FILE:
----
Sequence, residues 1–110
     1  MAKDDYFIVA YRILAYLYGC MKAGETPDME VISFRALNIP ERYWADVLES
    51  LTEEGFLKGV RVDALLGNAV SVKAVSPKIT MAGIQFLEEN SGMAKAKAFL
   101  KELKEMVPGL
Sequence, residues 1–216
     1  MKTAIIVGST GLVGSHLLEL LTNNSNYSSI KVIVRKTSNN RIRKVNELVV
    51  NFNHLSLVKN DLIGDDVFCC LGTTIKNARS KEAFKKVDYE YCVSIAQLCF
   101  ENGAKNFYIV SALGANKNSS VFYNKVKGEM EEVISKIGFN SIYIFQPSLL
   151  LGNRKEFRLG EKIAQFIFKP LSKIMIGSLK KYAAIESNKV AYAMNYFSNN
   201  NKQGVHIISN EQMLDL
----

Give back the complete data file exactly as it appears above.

Sequence, residues 1–110
     1  MAKDDYFIVA YRILAYLYGC MKAGETPDME VISFRALNIP ERYWADVLES
    51  LTEEGFLKGV RVDALLGNAV SVKAVSPKIT MAGIQFLEEN SGMAKAKAFL
   101  KELKEMVPGL
Sequence, residues 1–216
     1  MKTAIIVGST GLVGSHLLEL LTNNSNYSSI KVIVRKTSNN RIRKVNELVV
    51  NFNHLSLVKN DLIGDDVFCC LGTTIKNARS KEAFKKVDYE YCVSIAQLCF
   101  ENGAKNFYIV SALGANKNSS VFYNKVKGEM EEVISKIGFN SIYIFQPSLL
   151  LGNRKEFRLG EKIAQFIFKP LSKIMIGSLK KYAAIESNKV AYAMNYFSNN
   201  NKQGVHIISN EQMLDL